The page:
“NASCAR’s Trouble at the Track,” an overview of the sport’s economic troubles, in Forbes Magazine.
Well, the twice-yearly Fontana race weekend is over. Based on what I’ve been reading, some considered the racing terrific — history was made by Busch and repeated for only the fifth time by Kenseth (wins first two Sprint Cup races of the season in a row). Still, many others are saying all three races — truck, Nationwide, and Sprint Cup — were B-O-R-I-N-G!!! And many have noted that attendance was down — AGAIN — and that television ratings (not yet announced) would also be down — too much competition with golf, Tour of California, and the Oscars.
So, what’s NASCAR to do?
First, I suggest going back to one race in Fontana and moving the second Sprint Cup date to Kentucky (I know, ISC giving a date to Speedway Motorsports Inc. is probably not going to happen). At least NASCAR could try it out to see whether Kentucky is viable (apparently it is for Nationwide and trucks).
Second, NASCAR needs to start races at a reasonable time; unless a race is a night race (like RIR), the race should start by 2 p.m. Eastern time. And, finally, NASCAR needs to do better research about competing events in and around the various tracks so as to maximize both attendance and TV viewership.
And that’s the view from here.
Although TV viewership was down slightly for the Bud Shoot-out and Dual 125s from last year, both the Nationwide and Sprint Cup TV ratings were up from a year ago. Sunday’s Daytona 500 scored increased average audience, total audience, and household ratings compared to 2008. Still, these ratings are only about 1% above last year. Supposedly, the race was a sell-out but one must wonder how many tickets might have been “freebies” just before the race started.
Still, NASCAR has to be pleased with both the TV and track numbers. But I continue to hold to the belief that California next week and Atlanta two weeks later will be a more correct reading of how NASCAR might fare this season. Also, it will be interesting to see how many teams attempt to make the show at California and Las Vegas, both long commutes for the underfunded teams.
My prediction is for full fields because the season is young and those teams without full-season sponsors need to show their merit on the track to entice additional sponsor dollars. But if those sponsor dollars don’t appear, the view from here is that the fields will not be full before arriving in Richmond on May 1.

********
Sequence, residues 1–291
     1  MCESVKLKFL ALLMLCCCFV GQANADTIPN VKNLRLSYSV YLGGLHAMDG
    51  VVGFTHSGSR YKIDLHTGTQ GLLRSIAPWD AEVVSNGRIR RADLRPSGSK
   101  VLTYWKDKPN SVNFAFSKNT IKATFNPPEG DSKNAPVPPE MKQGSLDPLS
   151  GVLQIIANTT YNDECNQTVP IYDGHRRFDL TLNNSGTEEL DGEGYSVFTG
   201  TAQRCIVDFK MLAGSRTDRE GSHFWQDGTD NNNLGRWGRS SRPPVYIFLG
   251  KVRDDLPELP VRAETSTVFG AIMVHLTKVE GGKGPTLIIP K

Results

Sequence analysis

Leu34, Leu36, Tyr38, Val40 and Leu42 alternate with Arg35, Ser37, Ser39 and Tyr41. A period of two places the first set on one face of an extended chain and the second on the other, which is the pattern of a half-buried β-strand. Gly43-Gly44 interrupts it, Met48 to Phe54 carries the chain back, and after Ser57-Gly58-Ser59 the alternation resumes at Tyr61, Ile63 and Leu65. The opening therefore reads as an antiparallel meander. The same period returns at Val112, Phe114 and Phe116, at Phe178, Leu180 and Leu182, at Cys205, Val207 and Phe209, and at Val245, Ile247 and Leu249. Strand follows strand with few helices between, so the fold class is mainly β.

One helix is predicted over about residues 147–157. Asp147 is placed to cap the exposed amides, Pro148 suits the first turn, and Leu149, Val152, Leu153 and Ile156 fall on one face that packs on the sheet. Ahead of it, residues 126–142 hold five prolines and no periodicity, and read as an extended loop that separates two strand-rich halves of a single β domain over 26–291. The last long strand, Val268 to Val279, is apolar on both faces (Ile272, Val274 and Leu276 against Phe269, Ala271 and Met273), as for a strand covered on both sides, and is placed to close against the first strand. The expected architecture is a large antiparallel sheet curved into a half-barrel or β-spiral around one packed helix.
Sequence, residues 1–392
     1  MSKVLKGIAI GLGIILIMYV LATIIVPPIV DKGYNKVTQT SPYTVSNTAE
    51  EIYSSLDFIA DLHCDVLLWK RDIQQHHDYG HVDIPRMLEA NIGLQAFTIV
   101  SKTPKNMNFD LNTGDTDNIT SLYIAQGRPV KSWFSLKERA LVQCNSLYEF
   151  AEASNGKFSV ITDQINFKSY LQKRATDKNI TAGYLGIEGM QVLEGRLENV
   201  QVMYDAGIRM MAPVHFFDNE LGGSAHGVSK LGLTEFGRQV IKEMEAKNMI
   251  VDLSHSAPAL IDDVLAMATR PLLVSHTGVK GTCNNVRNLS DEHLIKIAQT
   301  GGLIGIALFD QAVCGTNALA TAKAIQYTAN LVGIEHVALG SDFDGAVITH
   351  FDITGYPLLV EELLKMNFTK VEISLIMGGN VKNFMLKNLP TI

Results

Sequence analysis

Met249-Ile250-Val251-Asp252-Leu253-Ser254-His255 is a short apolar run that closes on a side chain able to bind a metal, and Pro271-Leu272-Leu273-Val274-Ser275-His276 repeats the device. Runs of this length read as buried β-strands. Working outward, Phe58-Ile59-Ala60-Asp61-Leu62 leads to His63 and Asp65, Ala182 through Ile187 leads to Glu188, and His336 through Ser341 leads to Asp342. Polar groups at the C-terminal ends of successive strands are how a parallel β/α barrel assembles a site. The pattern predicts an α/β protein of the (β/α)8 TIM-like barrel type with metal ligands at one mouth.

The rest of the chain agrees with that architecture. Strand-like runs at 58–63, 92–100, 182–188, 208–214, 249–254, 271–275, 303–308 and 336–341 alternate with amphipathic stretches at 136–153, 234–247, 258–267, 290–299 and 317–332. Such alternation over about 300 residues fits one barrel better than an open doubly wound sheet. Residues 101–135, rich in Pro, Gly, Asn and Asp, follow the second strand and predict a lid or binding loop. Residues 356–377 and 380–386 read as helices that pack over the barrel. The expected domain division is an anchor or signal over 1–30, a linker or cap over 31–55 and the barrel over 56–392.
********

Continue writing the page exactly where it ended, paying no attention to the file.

— Economy waving yellow flag on NASCAR (Indianapolis Star).
— NASCAR could learn from Waffle House (Fulton County News)
— Being his own boss puts Stewart in fast company (USA Today)
— NASCAR expects lower attendance in 2009 (Reuters)
— How NASCAR became a U.S. institution (Guardian)
— Will economy put the brakes on NASCAR’s surge? (Salt Lake Tribune)
— Saggine economy has affected NASCAR and its fans in similar ways (Fort Worth Star-Telegram)
— Fox’s cartoon gopher Digger goes after dollars for NASCAR (USA Today)
— In economic downshift, NASCAR lives within means (Florida Today)
— Racing’s hard times hitting area businesses (Richmond Times-Dispatch)
A lot has transpired since we left Homestead last November — much of it unsettling. However, after finishing my cup of tea, I looked down at the tea leaves to see what they might be saying. So here are my five prognostications for 2009. All deal in some respect with the current economic times and what Mike and I fondly call THE BUSINESS OF NASCAR.
#5: Success breeds success — but small success. For example, Juan Montoya appears to be on most everyone’s radar screen as possibly breaking through this year. If he does, his success will pale compared to the top contenders for the Sprint title. Still, if JPM does well, it might encourage other second-tier teams. And don’t forget Tony and Ryan.
#4: After the first few races, the starting grid will not be full. True, “field fillers” will be around but with costs spiraling, the field fillers won’t have deep enough pockets to hang around all season (see the Camping World Truck Series for proof).
#3: The dearth of big-time sponsors provides a fertile field for short-term, smaller sponsors who can get in on the action at a much lower cost. And, if they’re savvy, they’ll arrange contracts that allow them to stay on at the same price in the following year or two. Problem: keeping track of your driver because the paint scheme changes after other week to accommodate these new sponsors.
#2: Rich get richer: Any way you spell Hendrick, Childress, Roush, and Gibbs, you come up with dollar signs. Because they have the deep pockets, they have all the toys at their shops that continue to give them the advantage over the other guys. It’s doubtful anyone from outside these four shops will be in the Chase come September.
#1: Greed takes second place. Even the high rollers in Beverly Hills are reported to be shopping quietly and not flaunting their wealth. NASCAR will also stop talking $$$. When Kyle Petty says that NASCAR is 3.5 hours of weekly racing and the rest of the time is business, NASCAR will quickly recognize the need to tone down its business hype.
And that’s the view from here.